Pat at D&S Bait said ice is not in greatest (shores sketchy) but probably have ice fishing into next week; fishing is good on Monona Bay and north end of Waubesa; Cherokee is consistent; perch good deep on Mendota and Monona.
Hours are 6 a.m. to sunset.
David Brooke emailed on Sunday:
Mazonia ice out report from today since Braidwood was closed I drove around a little bit. 3-5-22 Braidwood lake closed to boats Docs lake all bad ice Monster open 10’ at ramp, some shore water, rest looks like bad ice Gar lake open from clear end Carp lake ramp iced in for 30 yards, after that 80 or so yards of open water Bullhead aka Outhouse 70% open far as I can see, left side has ice Goose lake 5’ open at ramp, rest is bad ice. Loop road closed, I imagine because of the flooding that crosses the road in the back Bass lake, some patches of water on the main channel but mostly bad ice.
The inland gamefish season closed with little fan fare once again. Very icy conditions made travel dangerous, so few anglers traveled much less got out on the ice. Those that did had some success, but participation was low. Crappie: Good – Nice fish up to 15 this weekend with anglers finding suspended Crappies anywhere from 16-28’ taking minnows on tip-downs and waxies on jointed pin minnows (CLAM) or tungsten Kastmasters (ACME). In cabbage of 8-12’ working vinglas and pimples 1-2’ off bottom working for those fish in shallow. Bulk of the action deeper though. Bluegill: Good – Mostly working cabbage of 8-12’. 3mm tungsten jigs in dark colors (black, purple, red) tipped with mousses or waxies. Plastics in similar dark colors with red and brown (motor oil) best. Nice Gills in 7 ½ – 8 ½ range. Best morning until noonish, then again hour before dark. Yellow Perch: Good – Mud flats of 18-30’ using Halis, small PK tungsten spoons and Kasmasters to get wigglers, red spikes down to mud bottoms. Pound lure into mud, then raise 1-1 ½ ’, shake then hold still. Aggressive fish will rise 4-6’ to chase down (up) bait. Some weed Perch taking minnows or Northland Fry jigs loaded with waxies. Some nicer Pike were caught on this past final weekend of the gamefish season. Fish to 35, few Bass and even fewer Walleye it seemed. Shout out to the Wausaukee High School Ice Fishing Team who, despite bad weather, competed and took first (and second) place in the KISS Tournament this weekend. Conditions on the ice are not good for travel. With added sleet/rain over weekend, slush conditions worsening. Use tracked vehicles (snowmobile, ATV’s) for any distance travel. Stick to packed down areas for limited truck travel. Shorter distance walking using packed trails also advised. Temps from 0 degrees to mostly upper teens/low 20’s until Sunday mean little for improving conditions. Kurt Justice Kurt’s Island Sport Shop – Like us on Facebook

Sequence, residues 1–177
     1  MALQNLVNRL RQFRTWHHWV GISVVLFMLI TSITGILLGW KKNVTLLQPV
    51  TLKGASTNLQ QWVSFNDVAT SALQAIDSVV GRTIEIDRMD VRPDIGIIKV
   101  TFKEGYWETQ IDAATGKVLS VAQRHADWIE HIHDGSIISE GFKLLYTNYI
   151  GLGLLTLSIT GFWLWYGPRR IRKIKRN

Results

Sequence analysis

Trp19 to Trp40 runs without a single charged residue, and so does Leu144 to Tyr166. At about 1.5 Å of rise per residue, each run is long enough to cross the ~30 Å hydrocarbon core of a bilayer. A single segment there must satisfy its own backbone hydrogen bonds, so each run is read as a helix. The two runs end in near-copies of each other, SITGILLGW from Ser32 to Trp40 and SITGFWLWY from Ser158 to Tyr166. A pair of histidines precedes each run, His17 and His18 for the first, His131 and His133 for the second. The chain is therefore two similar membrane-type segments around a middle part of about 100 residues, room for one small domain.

The photo topping the online MFR indicates good lakers are around to be caught by boaters.
Capt. Rich Sleziak at Slez’s Bait in Lake Station texted:
Coho spotty for boat and shore fisherman one day ok next day slow slow Coho will be here in full force any day now squid, skein, shrimp and crawlers baits to start with Some crappie caught on the warm days we had around the docks and bridge down from portage marina using minnows The ice just got off the lakes and ponds so reports on the slow side.
I think he is right that coho will really break loose any day.